After Huawei was included in the U.S. Commerce Department’s Entity List in the middle of May this year, the Chinese phone manufacturer has been banned from purchasing products in the country. Huawei has been unable to access its supply chain in the U.S.
Because of this, its U.S. suppliers such as Google, Qualcomm, Intel and other firms were forced to cut off their ties with the Chinese giant. This made Huawei push through with its development of its own operating system and search for an app storefront for its upcoming devices.
Eventually though, both U.S. and China have announced truce in the trade war between both countries. And U.S. president Donald Trump that U.S. companies can finally start selling to Huawei again.
U.S. may be able to sell to Huawei again in two to four weeks’ time
Late last month, the U.S. president has met with the Chinese president Xi Jinping. Trump announced that U.S. companies can once again sell their products to Huawei. In an official statement that read: “U.S. companies can sell their equipment to Huawei. We’re talking about equipment where there’s no great national security problem with it.”
But according to White House advisor Lawrence Kudlow, Huawei has still remained on the Entity List. The Internal Commerce Department email has noted that the Chinese manufacturer was still “blacklisted” and any U.S. tech firms seeking a license to ship supplies to Huawei will be turned down.
However, a senior White House official said that sales to Huawei can resume in as soon as two weeks. Furthermore, two chipmakers that are part of Huawei’s supply chain, have told Reuters that they would apply for licenses soon. This is after Commerce Secretary Wilbur Ross said last week that “such licenses would be issued in situations where there is no threat to national security.”
A customer response management company and a company that simulates cross-sectional radar for the Chinese giant will also file for application in the the coming days. A former Commerce Department official who is now a Washington lawyer said that “Since there’s no downside, companies are absolutely submitting applications, as required by the regulations.”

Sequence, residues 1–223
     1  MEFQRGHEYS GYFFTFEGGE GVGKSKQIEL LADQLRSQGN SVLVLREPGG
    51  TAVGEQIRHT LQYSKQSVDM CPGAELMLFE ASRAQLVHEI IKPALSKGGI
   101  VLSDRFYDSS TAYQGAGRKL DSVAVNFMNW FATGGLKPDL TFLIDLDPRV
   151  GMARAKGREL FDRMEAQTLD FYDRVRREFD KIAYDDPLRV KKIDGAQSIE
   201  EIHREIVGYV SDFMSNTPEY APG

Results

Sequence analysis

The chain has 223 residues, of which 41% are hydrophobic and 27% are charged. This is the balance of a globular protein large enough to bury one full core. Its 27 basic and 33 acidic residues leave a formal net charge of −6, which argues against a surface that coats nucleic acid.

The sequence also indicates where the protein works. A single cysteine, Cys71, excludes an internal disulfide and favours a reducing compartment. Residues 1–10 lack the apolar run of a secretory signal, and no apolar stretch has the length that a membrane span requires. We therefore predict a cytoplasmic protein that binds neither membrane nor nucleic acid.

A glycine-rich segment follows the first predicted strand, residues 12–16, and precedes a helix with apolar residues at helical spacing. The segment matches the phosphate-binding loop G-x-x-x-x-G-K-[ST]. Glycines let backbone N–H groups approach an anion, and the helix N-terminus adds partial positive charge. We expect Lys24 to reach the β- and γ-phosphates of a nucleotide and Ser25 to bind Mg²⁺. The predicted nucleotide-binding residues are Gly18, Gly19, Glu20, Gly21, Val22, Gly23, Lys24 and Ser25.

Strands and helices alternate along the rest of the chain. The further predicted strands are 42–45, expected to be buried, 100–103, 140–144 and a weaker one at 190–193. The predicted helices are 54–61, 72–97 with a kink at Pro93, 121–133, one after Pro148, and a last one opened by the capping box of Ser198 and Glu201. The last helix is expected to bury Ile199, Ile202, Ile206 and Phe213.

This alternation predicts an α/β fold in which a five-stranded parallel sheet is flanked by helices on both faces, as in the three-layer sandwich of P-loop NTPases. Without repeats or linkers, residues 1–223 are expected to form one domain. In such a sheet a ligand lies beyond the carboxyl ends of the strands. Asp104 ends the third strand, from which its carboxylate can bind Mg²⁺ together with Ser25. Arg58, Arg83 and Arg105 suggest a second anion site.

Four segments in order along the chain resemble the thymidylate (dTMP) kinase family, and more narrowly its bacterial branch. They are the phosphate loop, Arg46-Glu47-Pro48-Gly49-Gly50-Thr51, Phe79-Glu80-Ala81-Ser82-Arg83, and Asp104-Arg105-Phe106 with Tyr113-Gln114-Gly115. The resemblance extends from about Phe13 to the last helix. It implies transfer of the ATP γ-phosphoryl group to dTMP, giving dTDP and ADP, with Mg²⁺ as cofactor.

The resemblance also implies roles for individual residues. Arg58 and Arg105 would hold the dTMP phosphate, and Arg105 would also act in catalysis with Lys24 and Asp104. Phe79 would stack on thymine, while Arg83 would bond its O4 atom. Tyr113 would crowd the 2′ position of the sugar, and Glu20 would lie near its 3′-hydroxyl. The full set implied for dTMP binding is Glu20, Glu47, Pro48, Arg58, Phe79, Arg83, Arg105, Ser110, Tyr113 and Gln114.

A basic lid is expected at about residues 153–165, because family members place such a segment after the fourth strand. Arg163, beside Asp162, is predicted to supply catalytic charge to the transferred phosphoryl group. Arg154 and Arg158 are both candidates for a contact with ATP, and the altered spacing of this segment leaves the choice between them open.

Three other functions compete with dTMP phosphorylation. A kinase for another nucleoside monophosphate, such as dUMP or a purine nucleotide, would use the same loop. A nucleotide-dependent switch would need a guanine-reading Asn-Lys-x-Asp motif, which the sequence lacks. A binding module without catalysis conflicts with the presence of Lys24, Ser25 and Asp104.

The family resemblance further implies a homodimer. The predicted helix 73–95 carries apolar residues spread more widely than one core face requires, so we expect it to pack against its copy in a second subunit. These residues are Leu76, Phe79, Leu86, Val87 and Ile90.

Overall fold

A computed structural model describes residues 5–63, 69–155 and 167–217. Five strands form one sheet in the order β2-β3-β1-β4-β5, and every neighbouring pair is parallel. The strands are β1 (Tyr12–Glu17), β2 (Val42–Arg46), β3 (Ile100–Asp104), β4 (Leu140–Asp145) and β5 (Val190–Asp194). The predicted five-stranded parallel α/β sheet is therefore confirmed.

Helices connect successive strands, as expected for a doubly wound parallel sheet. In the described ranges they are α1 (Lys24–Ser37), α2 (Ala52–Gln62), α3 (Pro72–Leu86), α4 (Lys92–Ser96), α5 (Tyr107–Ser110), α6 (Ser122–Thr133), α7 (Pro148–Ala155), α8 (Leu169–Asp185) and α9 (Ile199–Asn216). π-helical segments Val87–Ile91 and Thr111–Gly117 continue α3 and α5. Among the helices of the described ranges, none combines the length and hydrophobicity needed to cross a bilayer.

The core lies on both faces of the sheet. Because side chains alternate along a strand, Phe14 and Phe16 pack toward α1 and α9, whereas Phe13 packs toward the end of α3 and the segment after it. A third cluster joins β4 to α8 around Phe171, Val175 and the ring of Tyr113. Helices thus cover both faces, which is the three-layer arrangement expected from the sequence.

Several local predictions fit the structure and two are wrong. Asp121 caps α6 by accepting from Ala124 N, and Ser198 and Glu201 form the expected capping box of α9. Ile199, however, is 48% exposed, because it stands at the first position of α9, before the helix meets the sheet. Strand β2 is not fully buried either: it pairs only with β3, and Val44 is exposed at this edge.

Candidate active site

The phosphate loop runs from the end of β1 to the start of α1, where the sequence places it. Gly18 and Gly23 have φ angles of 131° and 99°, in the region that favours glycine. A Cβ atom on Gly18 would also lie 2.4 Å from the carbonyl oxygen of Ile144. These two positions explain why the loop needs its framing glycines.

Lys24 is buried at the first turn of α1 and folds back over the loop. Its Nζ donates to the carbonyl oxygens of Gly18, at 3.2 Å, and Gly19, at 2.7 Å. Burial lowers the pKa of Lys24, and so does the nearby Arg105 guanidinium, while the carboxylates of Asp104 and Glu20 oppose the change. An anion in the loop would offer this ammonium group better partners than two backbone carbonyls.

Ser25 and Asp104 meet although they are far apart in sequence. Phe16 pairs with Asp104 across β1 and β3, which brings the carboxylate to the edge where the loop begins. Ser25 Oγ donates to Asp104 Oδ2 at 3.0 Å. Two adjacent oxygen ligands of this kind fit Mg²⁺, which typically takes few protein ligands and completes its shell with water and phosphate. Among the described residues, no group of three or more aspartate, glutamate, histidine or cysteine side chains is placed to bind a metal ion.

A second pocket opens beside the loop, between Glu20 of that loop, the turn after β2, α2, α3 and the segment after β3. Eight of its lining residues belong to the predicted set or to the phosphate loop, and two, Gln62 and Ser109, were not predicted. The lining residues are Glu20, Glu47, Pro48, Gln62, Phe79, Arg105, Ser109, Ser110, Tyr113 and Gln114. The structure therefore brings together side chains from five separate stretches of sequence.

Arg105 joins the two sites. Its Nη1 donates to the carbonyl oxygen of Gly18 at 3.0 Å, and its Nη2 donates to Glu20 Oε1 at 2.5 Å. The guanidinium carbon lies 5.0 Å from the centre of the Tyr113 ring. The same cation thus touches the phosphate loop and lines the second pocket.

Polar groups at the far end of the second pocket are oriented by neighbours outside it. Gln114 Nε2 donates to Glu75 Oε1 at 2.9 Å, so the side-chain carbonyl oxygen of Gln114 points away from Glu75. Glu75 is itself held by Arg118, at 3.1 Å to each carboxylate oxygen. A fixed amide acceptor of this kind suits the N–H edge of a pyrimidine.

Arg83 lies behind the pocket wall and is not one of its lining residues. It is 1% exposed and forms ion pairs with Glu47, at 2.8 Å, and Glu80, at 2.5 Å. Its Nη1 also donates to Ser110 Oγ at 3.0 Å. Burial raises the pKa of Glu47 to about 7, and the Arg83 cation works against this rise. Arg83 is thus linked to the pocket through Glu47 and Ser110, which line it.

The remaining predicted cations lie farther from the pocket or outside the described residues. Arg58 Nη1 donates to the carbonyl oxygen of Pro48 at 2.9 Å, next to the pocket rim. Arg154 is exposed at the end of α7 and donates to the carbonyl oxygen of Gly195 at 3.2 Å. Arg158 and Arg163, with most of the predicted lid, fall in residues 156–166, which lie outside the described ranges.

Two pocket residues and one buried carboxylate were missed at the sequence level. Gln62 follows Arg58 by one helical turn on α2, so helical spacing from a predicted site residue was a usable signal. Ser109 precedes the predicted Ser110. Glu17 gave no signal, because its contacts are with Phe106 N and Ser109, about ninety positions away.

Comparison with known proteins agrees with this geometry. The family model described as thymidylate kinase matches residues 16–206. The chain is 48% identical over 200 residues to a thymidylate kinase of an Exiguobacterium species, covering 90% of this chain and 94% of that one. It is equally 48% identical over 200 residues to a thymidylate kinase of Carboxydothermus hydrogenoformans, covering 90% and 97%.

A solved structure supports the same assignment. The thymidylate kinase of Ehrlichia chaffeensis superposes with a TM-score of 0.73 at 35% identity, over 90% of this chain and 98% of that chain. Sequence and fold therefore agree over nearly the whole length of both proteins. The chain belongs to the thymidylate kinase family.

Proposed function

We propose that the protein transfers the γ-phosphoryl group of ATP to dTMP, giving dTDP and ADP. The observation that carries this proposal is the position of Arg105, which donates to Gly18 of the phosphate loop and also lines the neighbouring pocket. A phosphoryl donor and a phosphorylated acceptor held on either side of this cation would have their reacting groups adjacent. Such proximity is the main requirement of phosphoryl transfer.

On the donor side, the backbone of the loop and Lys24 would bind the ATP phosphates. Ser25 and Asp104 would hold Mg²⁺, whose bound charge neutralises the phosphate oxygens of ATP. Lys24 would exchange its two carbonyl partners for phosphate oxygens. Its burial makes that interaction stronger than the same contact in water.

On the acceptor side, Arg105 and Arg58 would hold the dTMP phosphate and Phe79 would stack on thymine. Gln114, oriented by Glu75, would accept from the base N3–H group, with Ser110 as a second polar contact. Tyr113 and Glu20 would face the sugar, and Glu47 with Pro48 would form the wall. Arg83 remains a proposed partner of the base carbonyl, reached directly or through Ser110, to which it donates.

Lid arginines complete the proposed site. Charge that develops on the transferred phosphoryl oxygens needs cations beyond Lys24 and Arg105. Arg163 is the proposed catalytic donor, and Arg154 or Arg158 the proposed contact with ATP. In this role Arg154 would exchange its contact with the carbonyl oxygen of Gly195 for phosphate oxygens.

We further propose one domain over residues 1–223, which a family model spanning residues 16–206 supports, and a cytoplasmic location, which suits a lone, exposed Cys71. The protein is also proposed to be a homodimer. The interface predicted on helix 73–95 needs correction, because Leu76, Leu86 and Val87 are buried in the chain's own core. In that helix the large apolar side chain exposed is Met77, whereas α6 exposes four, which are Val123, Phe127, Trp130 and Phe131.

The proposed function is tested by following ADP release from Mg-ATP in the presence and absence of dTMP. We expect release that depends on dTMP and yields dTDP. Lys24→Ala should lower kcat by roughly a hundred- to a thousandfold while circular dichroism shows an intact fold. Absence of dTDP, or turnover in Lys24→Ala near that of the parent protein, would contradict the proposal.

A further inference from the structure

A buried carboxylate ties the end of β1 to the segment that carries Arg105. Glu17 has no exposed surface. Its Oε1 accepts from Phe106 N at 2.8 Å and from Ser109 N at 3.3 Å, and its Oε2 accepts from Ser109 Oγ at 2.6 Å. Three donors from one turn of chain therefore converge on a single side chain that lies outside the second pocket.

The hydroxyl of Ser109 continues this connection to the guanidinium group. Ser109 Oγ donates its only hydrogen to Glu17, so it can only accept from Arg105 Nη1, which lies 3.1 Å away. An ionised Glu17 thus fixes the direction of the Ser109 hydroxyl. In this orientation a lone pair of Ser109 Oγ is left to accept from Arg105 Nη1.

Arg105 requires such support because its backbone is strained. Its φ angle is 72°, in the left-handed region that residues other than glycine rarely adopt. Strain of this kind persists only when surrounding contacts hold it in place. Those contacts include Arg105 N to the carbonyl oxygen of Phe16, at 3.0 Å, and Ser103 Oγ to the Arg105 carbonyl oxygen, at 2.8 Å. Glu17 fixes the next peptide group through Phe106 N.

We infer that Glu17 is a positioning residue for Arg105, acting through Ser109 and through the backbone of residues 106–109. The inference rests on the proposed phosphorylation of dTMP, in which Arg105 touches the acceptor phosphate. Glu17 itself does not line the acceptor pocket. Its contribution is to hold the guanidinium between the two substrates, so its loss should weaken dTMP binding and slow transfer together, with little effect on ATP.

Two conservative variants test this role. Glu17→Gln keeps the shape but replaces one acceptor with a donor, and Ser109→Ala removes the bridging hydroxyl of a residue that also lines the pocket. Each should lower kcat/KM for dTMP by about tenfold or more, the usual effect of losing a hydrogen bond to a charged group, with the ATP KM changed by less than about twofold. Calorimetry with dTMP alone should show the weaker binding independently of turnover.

Trump administration should lift the restrictions altogether, according to Huawei
One Huawei spokesman said “the Entity list restrictions should be removed altogether, rather than have temporary licenses applied for US vendors. Huawei has been found guilty of no relevant wrongdoing and represents no cybersecurity risk to any country so the restrictions are unmerited.”
American companies can currently sell their products in order to maintain existing networks and provide softwares updates to existing Huawei devices. But such are prohibited from making new sales of American-made products.
However, not all U.S. sales to Huawei depend on government approvals of license requests. Some American chipmakers may not need licenses because their products could be beyond the scope of U.S. export controls.
Huawei has expressed that the restrictions should be completed lifted off and that suppliers would no longer need to seek out licenses to sell products to them. But that won’t happen unless U.S. lawmakers are convinced that Huawei won’t spy on its American users.